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Video: 2024 Hyundai Kona Review: Bigger, Bolder, Better

14:02 min
By Cars.com Editors
September 12, 2023

About the video

Cars.com Editor Damon Bell headed to Baltimore to drive the top-line and sport-themed versions of the redesigned 2024 Hyundai Kona. The Kona’s basic powertrains carry over to the new-generation model, but the rest is all-new — and improved.

Transcript

We're here in Baltimore, Maryland for our first drives of the redesigned 2024 Hyundai Kona SUV. This is Hyundai's subcompact SUV but it's not quite as small as it used to be.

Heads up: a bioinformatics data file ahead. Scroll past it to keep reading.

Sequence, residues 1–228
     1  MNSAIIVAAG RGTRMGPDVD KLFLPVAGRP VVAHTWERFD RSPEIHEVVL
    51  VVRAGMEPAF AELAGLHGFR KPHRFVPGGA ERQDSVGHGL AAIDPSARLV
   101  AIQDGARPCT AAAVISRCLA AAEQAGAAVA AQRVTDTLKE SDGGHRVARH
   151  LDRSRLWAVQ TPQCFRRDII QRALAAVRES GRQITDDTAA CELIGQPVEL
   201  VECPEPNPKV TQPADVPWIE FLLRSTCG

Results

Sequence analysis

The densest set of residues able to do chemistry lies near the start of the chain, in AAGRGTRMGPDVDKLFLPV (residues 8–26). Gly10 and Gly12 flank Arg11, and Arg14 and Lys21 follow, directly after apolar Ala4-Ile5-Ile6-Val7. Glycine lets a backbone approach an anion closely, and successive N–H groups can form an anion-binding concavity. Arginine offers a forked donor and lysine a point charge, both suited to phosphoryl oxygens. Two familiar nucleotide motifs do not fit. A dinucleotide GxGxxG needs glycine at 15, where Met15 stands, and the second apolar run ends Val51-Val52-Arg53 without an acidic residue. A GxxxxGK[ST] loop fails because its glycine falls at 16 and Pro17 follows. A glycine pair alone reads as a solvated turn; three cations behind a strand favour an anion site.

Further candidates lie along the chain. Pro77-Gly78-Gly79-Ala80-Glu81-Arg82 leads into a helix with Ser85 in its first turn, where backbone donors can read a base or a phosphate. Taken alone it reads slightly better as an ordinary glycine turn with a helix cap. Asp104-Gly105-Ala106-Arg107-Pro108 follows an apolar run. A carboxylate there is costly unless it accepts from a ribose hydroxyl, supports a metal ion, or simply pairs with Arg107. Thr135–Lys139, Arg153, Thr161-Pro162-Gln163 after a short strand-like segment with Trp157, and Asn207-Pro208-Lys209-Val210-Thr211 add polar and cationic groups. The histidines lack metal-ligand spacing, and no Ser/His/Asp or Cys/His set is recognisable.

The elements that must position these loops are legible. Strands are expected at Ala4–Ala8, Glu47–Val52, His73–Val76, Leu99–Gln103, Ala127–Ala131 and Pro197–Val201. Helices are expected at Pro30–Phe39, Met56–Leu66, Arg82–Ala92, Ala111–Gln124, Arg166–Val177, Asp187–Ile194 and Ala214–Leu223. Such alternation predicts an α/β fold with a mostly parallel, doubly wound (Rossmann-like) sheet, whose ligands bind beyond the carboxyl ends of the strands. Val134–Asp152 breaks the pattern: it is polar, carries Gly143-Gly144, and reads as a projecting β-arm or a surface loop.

It grows almost six inches in overall length and two inches in wheel base with the redesign. It also gets some striking futuristic styling touches as well as some welcome new tech features. Let's check it out. Now, despite the Kona's upsize dimensions, the basic bobtail proportions carry over from the previous generation model but we've got a number of futuristic styling touches that give it a slightly more aggressive look. Chief among those is this slim LED daytime running light bar in the front. This kind of puts me in the mind of a Cylon from the original "Battlestar Galactica" in a good way. Also a high tech touch, active grill shutters here on the gasoline engine Konas that power up when additional engine cooling is needed and close again for better aerodynamic performance. And yes, this is just a daytime running light. The actual headlights themselves are nestled in this pod further down on the fender. And moving along the side, we've got 19 inch wheels. This is the top line limited model which comes standard with nineteens as does the sporty N Line trim level. The limited also has this dark finish satin finish wheel cladding that gives the Kona a bit more of a rugged SUV look. The satin finished cladding also comes on the lesser gas engine Kona models, but the sporty N Line in the pure electric Kona Electric model switch this to body color trim. Moving further down the side, we've got this sharp body side crease with a smooth curved beneath it. That's something we've seen on a number of Hyundais recently, including the current generation Elantra that actually swoops up and picks up the curve of the trim on the C pillar. And again, once we get out back, we can see that bobtailed look of the previous generation Kona carried over with this new model. Moving to the back again, we've got the slim, vaguely sinister looking full width supplemental taillight treatment. The actual taillights and turn signals are in these lower pods here. Another slick detail is the center high mounted stop lamps smoothly integrated into the spoiler. And we've got an available power lift gate and hands-free power lift gate to access the newly enlarged cargo area. The new Kona has noticeably more cargo space in back than its predecessor did. It's now on par with some of the bigger members of the subcompact SUV class like the Kia Selto sorta Hyundai HR-V. According to Hyundai's measurements, there's 25.5 cubic feet of cargo space behind the rear seats and that grows to 63.7 cubic feet with the rear seat backs folded. The Kona's gasoline engines carry over from the previous generation model. The base engine is a 2.0 liter four cylinder that puts out 147 horsepower. But the top Line limited and the sporty N Line models get a turbocharged 1.6 liter four that puts out 190 horsepower. And this engine is now paired with a conventional eight speed automatic instead of the previous seven speed dual clutch automatic. The Kona's interior is nicely upgraded with the redesign. A key focal point feature is the dual 12.3 inch screens, that's a 12.3 inch digital gauge cluster, and a 12.3 inch infotainment touchscreen integrated into one slick seamless panel. The other nice thing about the Kona's interior is that Hyundai retained traditional physical buttons. We find these a lot easier to use when driving than touch sensitive or touchscreen controls. And there's also a nice little storage shelf complete with ambient lighting, even though you can't see it now, built into the passenger side of the dash. A lot of nice touches in the center console as well. There's a USB port that can be toggled between data and charging connection and merely a charging connection at the touch of a button. A wireless charging pad on certain models. The top Line limited model has ventilated seats. That's one of my favorite features. The center console is very slick as well. It's got retractable cup holder rings, so you can have the console open if you want more open storage space and then just press a button, the cup holders retract and you've got center cup holders. Interestingly, there's no forward partition or completely enclosed partition to the center armrest bin but you've got a separate storage tray and a decent amount of space here as well. Now the Hyundai Kona's rear seat space is much better than before, especially when you consider that I am 6'6. We have this front passenger seat set to be comfortable for a six foot front passenger and the fact that I can sneak my knees behind it at all is kind of a feat. I wouldn't wanna be back here for a long trip but for a crosstown jaunt I would be just fine. And again, average size adults are gonna be perfectly comfortable in these rear seats and they wouldn't have been as comfortable in a previous generation Kona. We've also got a nice center console at the back of the center console, dual USB charging ports and some air vents. The sporty Kona N Line model is mechanically the same as the limited but it gets some more aggressive looking styling touches like a racer looking front and rear fascia, a pronounced spoiler on the lift gate, inline badges, and race here looking 19 inch wheels. Inside the Kona N Line gets the appropriate level of sporty styling touches, including red contrast stitching on the steering wheel and seats, a nice red racing stripe across the midline of the dash, and the seats themselves have grippy suede upholstery inserts, an inline badge in the front seats, red racing stripes as well. Upper trim levels of the gasoline engine Konas as well as the Kona Electric get an unconventional shift control that sprouts out of the steering column. You just twist this knob forward for drive, back for reverse, and press the button on the end to engage park. It takes a little getting used to but we acclimated to it pretty quickly. Alright, we are behind the wheel of the Kona limited model. This is the top Line trim level, and like the N-Line, it's powered by a turbocharged 1.6 liter four cylinder that makes 190 horsepower. And unlike the previous generation Kona, it's paired with an eight speed traditional automatic transmission instead of the seven speed dual clutch automatic that it had previously. The engine itself is carried over. The transmission is new and I do like the more relaxed feel of the traditional eight speed when you're driving a dual clutch automatic. There can be some herky jerkiness every once in a while and this eight speed is a little more relaxed, a little more conventional feeling in everyday driving. And yeah, the power is quite good. Like you've got some passing power when you get on the throttle when you want it. So minimal turbo lag. Overall, a good everyday engine with more than enough pep for everyday commuting. Right now we are driving on a fairly smooth highway surface and the ride quality is pleasant. This limited and the N Line model have 19 inch wheels with shorter sidewalls than lesser Kona models which have seventeens or eighteens. So they might be a shade bumpier over rough roads than the others 'cause of the bigger diameter wheels. But in general, this is a pleasant ride. We'll see what it's like when we get to some bumpier roads. Right now we're on fairly smooth pavements. Overall, road noise is pretty good. Again, we're on fairly smooth quiet pavements. I'm hearing a little bit of tire roar, but nothing objectionable especially for the subcompact SUV class. This seems pretty quiet overall. I'm gonna step on the gas here and even under a serious throttle, the engine note is fairly muted. Here, in a tiny bit of wind rush but overall this is very respectably quiet for its class. My all around visibility is very nice, sitting up a little bit higher than I would be in a normal passenger car. So you've got a slightly elevated view of the road, a clean unobstructed view out the windshield, and the rear window is big enough that I can see very clearly through the rear view mirror. And the rear seat headrest only intrude a little bit. So yeah, rear view mirror's good as well. So all around visibility, this is very nice. I'm also digging this steering wheel. This is kind of a sporty feel. It's got the nubby protrusions right at the 10 and two positions where your hands are. Nice leather wrapped contrast stitching on the inside. This almost feels like it should be exclusive to the sportier looking N Line model, but the limited hazard as well. Yeah, it's a minor thing but this steering wheel gives it kind of a more athletic feel in and of itself. So I am six foot six, so I'm a good stress test for passenger space in most any vehicle. And usually my first step getting into any vehicle to drive it is to put the driver's seat all the way down and all the way back, which I did in this as well. And I was a little pleasantly surprised to find that I actually had to put the driver's seat forward an inch or two to have my optimal hand position on the steering wheel. So I think even an NBA player could drive this vehicle comfortably. I've got good headroom as well, enough space so my head isn't rushing even under the sunroof housing and that usually steals an inch or so of space from the headliner as well. So from the front seats, very tall person friendly. I think from the backseats, it's a little bit different story. Kind of clever storage spot for a cell phone. But as you can see, I took an exit ramp at a good speed and my phone did not stay a 100% put. But it's a nice ledge here with kind of a rubberized rib to put your cell phone there because the regular cup holder area, the center console bin, there's really not a partition for the cell phone there. And yeah, from behind the wheel, I am doubly appreciating Hyundai's choice to stick with physical buttons for most of the Kona's controls. Got handy little toggle levers for fan speed and temperature setting on the climate control system, also mode change for the climate control system. And speaking of climate, it is getting very hot here today. And the Kona, at least, in the top limited trim level comes with one of my favorite features and that is ventilated front seats. I've got them on high right now. And another nice thing about them is some ventilated seats when you've got them on the full setting, the fan is a little noisy but I'm not hearing the fan on these at all and they are keeping my backside cool for sure. These dual 12.3 inch display screens integrated into a single panel. Very nice. The graphics are clear and easy to read and we're in some kind of dappled morning sunlight and they are not washing out in the light that we're driving in now. Now the gasoline engine Kona's are starting to arrive in Hyundai dealerships now, with the all electric Kona Electric models slated to follow by the end of the year. Now, given the upsized dimensions and the new tech features, it's not too surprising that the new Kona costs more than its predecessor. Base prices go up around 1500 to $2,800 depending on trim level. The basic SE model starts at around 24.5 while the top line limited trim starts out at just under $33,000. To read my full review of the redesigned 2024 Hyundai Kona, head on over to cars.com. (upbeat music)